FIFA President Sepp Blatter's 18-year run as president of soccer's world governing body has been mired with scandal since the beginning, but the man himself has always stayed just above the cut and never been directly implicated in any wrongdoing.
That incredible streak of standing in a corruption rainstorm and never getting wet continued Wednesday, when officials in Switzerland and the U.S. announced the opening of criminal cases for more than a dozen current and former FIFA officials. Blatter was not named in either probe.
His opponents have howled for his head, and one reason they often cite is that even if he is corruption free, he is terrible at stopping it.
Blatter, in a statement put out in response to the scandal, appeared to be tackling that criticism directly.
"While there will be many who are frustrated with the pace of change, I would like to stress the actions that we have taken and will continue to take," Blatter said. "In fact, today's action by the Swiss Office of the Attorney General was set in motion when we submitted a dossier to the Swiss authorities late last year."
Blatter was likely referring to the result of another scandal, when FIFA cleared itself of wrongdoing in the bidding process for the 2018 and 2022 World Cups following an internal investigation.
The lead of that investigation, U.S. attorney Michael Garcia, cried foul last November at the publicly-released summary of his findings, saying FIFA's summary of his investigation had "numerous materially incomplete and erroneous representations of the facts and conclusions" in his work.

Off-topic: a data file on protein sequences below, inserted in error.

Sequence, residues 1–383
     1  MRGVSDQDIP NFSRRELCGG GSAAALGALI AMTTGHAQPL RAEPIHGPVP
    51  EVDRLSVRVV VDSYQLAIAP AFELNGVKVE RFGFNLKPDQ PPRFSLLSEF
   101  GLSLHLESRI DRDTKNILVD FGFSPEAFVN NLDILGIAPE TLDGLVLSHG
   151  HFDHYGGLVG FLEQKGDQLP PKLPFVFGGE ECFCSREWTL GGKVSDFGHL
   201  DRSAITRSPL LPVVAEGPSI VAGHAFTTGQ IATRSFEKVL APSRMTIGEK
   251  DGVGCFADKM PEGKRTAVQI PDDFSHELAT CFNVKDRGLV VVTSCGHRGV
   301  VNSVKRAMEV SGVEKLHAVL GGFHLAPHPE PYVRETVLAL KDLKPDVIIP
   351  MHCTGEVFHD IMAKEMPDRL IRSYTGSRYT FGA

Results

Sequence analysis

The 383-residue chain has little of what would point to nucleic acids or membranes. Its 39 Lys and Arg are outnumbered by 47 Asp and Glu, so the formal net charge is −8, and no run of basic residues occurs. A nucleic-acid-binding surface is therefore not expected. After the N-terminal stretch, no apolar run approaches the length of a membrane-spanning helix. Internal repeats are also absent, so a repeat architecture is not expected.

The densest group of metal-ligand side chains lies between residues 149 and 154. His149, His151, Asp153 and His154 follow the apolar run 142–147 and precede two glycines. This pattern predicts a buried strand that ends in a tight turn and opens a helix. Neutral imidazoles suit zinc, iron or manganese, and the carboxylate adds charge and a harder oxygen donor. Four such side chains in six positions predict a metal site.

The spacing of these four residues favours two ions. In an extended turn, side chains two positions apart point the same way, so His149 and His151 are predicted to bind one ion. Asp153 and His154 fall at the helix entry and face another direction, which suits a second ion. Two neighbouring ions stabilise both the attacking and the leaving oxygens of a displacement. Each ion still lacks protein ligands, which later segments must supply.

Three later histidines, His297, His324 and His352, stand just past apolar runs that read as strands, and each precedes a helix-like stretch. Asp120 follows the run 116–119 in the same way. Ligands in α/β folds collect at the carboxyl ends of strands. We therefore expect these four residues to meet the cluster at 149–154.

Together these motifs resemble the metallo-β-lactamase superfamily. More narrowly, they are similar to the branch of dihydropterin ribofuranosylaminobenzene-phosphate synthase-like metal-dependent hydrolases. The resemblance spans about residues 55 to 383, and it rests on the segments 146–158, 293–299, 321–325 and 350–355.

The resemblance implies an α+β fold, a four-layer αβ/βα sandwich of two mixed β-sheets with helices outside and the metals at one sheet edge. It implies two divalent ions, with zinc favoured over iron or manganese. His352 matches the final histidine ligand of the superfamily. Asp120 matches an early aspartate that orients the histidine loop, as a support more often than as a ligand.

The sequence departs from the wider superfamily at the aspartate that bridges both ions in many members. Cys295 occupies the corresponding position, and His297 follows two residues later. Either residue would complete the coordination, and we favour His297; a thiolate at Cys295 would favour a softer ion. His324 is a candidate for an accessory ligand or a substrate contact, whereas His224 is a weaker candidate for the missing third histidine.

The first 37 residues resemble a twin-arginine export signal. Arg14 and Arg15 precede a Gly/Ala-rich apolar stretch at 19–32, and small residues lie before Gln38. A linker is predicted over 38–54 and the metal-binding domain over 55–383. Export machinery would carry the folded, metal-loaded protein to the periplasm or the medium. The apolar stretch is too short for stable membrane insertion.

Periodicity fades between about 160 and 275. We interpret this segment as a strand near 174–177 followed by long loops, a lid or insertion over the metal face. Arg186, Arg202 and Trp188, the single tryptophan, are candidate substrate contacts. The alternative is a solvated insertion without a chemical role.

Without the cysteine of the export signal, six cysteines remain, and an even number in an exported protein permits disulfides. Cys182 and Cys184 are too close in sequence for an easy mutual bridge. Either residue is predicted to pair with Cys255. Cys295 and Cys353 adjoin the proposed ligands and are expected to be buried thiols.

Sometime after Garcia cried foul and threatened to bring legal action over it, FIFA submitted its "dossier" on those named in the investigation to Swiss officials.
Blatter said Wednesday the recent announcement of criminal proceedings and arrests were "welcome" by FIFA.
"As unfortunate as these events are, it should be clear that we welcome the actions and the investigations by the US and Swiss authorities and believe that it will help to reinforce measures that FIFA has already taken to root out any wrongdoing in football," Blatter said, adding that everyone named in the investigations was subsequently provisionally banned from all soccer-related activities.
Next up for Blatter is his reelection bid for a fifth term as president in May 29.
Both his opponent and European soccer's governing body, UEFA, have called for its postponement. So far, FIFA has insisted the elections will go ahead as planned.
Whether Blatter remains in the clear is uncertain. At a press conference Wednesday announcing the investigation and charges, Attorney General Loretta Lynch said the "indictment is no the final chapter."
New York Times reporter Michael Schmidt told "CBS This Morning" that Blatter, whose reign as head of FIFA has seen both tremendous growth in the sport, as well as a long series of scandals, could still get swept up in the larger investigation.
"I don't think he's in the clear," Schmidt said.
Investigators are likely to wait to see what comes of the indictments of these senior FIFA officials, and later "look back and assess and see who they can go after," Schmidt said.